The first Sikhism dissenters were the Udasis who followed Shri Chand, the son of Guru Nanak, the founder of Sikhism founding a monastic order in 1525. They resemble Hindu order, including celibacy, Sanskrit during worship, yet did not adopt the uncut hair giving mainstream Sikhs a distinctive appearance since 1699. Udasi comes from a Sanskrit word meaning “renounce”.
- Udasi – Wikipedia
Udasi is a religious sect of ascetic sadhus centred in northern India. It is based on the teachings of Sri Chand (1494–1643), the son of Guru Nanak, the founder and the first Guru of Sikhism. The Udasis were key interpreters of the Sikh philosophy and the custodians of important Sikh shrines until the Akali movement.
- Udasi – SikhiWiki, free Sikh encyclopedia.
Jul 14, 2016 – Udasi or Udasin is a religious, ascetic sect, sampradaya (tradition) which considers itself as denomination of Sikhism, and focuses on the …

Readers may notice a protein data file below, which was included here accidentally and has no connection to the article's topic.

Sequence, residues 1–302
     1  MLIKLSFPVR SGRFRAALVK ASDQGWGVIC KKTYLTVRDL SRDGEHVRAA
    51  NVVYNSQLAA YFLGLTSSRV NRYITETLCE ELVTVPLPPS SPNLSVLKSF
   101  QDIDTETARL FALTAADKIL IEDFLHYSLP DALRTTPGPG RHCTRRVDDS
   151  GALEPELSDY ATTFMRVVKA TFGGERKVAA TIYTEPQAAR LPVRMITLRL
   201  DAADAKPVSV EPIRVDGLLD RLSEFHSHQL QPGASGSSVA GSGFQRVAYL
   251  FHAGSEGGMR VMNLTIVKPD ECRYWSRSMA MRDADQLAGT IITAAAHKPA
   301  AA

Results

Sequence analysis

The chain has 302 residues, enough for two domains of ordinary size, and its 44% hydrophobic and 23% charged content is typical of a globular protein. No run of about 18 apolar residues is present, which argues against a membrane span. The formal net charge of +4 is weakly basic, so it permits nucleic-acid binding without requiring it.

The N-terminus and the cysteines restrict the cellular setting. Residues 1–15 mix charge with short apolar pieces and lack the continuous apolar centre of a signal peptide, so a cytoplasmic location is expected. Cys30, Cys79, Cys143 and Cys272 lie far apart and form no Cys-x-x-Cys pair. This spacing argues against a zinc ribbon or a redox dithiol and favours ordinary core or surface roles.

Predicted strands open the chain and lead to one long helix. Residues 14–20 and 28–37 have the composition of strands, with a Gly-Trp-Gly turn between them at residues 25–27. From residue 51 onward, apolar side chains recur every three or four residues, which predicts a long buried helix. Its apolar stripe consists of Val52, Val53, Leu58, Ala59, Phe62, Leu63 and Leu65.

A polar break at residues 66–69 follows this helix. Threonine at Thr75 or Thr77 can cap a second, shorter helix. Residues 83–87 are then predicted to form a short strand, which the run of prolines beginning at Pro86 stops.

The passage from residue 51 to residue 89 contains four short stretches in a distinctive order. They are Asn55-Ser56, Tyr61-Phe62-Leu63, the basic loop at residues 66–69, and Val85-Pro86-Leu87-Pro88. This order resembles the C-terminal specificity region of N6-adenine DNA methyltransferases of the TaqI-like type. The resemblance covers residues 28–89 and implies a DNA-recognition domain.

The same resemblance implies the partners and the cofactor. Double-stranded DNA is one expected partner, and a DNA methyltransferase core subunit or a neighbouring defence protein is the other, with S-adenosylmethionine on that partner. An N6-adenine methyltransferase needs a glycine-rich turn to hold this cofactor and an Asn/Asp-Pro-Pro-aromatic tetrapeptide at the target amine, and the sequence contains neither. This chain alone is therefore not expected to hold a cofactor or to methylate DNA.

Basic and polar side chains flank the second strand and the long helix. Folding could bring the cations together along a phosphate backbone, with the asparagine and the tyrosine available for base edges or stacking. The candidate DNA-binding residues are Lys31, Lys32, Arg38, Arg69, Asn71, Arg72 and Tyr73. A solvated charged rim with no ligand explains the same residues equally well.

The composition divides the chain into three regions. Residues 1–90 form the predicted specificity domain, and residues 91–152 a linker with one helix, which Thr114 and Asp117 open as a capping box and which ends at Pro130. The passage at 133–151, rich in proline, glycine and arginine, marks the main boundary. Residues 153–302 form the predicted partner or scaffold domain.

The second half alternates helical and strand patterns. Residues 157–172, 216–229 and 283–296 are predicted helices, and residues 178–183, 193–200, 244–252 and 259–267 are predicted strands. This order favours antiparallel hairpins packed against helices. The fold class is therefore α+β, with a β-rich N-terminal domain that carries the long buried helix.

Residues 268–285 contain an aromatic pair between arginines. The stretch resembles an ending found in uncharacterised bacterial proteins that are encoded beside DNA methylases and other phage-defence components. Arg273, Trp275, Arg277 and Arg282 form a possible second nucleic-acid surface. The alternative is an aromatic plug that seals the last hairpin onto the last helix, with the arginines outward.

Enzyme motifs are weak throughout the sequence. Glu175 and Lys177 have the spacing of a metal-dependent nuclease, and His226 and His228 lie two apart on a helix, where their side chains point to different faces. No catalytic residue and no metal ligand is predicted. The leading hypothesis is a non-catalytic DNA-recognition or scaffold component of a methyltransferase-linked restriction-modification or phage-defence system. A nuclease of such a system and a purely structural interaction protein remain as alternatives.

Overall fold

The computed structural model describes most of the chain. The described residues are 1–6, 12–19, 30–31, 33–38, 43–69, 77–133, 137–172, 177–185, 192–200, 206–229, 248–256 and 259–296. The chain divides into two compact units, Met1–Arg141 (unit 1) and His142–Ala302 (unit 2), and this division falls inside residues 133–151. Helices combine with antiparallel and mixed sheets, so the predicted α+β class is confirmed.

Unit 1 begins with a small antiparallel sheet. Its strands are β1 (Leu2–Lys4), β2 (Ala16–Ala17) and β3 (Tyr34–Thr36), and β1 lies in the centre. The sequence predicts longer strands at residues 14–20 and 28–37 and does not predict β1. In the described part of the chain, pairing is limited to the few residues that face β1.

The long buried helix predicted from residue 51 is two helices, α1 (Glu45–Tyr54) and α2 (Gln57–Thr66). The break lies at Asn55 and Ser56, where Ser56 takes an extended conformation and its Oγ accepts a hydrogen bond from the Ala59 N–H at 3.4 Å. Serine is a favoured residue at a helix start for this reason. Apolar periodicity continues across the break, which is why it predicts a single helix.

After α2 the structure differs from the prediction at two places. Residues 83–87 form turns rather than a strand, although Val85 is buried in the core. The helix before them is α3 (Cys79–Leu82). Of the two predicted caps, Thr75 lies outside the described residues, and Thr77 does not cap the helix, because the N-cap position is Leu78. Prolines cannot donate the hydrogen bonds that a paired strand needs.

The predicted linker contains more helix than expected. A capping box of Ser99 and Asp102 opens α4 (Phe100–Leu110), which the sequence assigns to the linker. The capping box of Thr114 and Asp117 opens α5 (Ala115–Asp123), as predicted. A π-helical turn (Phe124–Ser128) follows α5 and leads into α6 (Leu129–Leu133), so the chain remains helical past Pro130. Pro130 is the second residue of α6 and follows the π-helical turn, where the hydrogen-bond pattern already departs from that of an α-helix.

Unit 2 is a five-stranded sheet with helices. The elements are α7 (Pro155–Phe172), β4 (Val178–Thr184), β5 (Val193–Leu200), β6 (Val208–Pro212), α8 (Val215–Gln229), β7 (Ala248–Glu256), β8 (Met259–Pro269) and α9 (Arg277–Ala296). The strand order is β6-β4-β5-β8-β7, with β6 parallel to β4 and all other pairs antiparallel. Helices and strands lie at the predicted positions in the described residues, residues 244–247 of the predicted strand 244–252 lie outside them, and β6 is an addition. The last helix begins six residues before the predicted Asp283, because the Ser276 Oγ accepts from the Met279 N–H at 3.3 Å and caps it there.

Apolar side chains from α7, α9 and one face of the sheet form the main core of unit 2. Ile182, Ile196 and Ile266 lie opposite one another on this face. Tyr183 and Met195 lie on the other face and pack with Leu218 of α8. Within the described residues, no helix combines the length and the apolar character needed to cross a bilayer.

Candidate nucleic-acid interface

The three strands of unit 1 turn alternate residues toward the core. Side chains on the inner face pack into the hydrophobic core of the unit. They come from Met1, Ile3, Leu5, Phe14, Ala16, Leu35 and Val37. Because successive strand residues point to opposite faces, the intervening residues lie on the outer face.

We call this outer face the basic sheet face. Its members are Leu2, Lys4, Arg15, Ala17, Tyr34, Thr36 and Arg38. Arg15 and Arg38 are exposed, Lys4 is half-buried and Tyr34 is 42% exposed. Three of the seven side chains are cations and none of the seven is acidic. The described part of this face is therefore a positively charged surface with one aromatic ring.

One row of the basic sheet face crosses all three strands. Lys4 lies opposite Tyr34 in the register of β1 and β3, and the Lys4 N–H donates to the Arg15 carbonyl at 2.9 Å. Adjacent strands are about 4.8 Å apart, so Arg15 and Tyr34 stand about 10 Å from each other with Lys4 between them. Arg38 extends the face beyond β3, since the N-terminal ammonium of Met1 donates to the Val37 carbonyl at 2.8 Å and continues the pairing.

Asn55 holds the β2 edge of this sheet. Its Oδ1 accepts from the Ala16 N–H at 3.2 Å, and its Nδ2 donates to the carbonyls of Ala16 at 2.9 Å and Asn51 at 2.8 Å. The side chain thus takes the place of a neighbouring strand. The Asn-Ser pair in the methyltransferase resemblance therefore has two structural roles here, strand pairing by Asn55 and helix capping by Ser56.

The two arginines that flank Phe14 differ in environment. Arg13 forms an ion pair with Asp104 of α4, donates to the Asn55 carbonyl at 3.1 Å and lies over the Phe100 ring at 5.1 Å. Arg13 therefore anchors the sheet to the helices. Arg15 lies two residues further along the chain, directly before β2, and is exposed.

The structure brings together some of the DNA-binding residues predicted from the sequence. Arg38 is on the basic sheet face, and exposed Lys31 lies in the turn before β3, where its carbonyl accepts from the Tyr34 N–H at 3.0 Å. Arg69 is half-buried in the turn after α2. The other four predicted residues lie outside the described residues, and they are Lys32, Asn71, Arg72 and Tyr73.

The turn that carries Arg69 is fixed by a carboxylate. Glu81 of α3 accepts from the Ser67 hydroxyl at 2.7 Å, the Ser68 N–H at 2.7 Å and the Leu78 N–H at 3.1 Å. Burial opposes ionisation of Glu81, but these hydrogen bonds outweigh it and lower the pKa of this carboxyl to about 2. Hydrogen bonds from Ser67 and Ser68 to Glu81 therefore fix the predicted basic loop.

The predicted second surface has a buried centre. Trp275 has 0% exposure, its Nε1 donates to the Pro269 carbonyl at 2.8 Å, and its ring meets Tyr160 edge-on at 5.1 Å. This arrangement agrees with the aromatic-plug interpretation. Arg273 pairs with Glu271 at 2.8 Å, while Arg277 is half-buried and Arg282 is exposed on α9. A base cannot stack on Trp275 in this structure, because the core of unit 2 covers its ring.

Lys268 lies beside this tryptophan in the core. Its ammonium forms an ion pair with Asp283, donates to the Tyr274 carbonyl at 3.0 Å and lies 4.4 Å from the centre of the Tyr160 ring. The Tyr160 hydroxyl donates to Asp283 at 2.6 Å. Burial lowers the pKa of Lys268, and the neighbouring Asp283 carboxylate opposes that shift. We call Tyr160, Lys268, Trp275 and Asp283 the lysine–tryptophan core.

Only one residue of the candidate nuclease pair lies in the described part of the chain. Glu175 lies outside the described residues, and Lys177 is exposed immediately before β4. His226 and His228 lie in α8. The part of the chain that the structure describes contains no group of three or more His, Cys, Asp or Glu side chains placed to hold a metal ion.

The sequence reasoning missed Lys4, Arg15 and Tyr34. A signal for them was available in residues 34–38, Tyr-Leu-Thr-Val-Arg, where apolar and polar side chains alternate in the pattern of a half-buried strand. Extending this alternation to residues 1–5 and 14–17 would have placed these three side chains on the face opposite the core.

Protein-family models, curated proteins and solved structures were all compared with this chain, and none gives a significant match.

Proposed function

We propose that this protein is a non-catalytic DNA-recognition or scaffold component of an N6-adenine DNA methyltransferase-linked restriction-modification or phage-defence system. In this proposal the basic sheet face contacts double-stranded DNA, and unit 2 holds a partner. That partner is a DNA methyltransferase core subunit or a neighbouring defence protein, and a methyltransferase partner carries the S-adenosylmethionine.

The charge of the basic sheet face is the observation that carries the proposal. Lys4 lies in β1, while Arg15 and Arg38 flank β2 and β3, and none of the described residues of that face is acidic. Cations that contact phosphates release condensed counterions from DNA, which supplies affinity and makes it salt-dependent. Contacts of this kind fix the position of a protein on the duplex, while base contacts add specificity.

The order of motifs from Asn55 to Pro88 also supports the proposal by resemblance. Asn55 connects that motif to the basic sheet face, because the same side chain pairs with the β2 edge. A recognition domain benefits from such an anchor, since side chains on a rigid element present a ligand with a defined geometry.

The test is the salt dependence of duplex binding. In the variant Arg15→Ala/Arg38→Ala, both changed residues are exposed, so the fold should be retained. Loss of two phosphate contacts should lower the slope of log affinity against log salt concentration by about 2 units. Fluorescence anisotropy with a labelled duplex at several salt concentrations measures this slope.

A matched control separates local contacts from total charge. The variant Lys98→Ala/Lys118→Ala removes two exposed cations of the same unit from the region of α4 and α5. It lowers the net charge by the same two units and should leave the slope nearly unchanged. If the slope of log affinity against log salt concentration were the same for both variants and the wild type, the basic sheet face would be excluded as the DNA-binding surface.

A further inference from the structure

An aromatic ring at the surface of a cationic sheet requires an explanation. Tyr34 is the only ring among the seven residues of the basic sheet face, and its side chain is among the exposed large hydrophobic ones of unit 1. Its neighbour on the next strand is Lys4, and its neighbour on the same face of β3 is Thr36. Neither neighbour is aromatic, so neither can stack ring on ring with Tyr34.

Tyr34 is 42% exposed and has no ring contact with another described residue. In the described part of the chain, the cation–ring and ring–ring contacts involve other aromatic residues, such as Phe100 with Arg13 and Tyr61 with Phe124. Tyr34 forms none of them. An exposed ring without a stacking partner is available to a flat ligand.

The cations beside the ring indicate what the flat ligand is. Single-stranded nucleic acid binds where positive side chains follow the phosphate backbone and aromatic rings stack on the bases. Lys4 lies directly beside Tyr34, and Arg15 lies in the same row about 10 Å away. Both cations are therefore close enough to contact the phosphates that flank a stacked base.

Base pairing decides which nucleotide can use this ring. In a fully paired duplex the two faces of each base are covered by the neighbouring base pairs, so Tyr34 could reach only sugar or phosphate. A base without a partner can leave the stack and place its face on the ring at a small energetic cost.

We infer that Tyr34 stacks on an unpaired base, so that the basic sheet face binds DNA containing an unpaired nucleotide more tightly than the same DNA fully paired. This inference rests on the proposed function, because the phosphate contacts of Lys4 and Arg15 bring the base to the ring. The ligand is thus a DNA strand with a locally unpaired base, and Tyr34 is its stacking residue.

- The Udasis of Guru Nanak – SikhiWiki, free Sikh encyclopedia.
Oct 4, 2019 – His travels are called Udasis. In his first Udasi (travel), Guru Nanak covered east of India and returned home after spending about 6 years.
- Udasi | religious movement | Britannica
Udasi, (Punjabi: “Detached Ones”) monastic followers of Srichand (1494–1612?), the elder son of Nanak (1469–1539), the first Guru and the founder of Sikhism.
- Udasis – Philtar
Doctrines, Udasis are usually celibate and renounce worldly cares, but still regard themselves as Sikhs. Anand Ghan (see below) believed that Baba Sri Chand …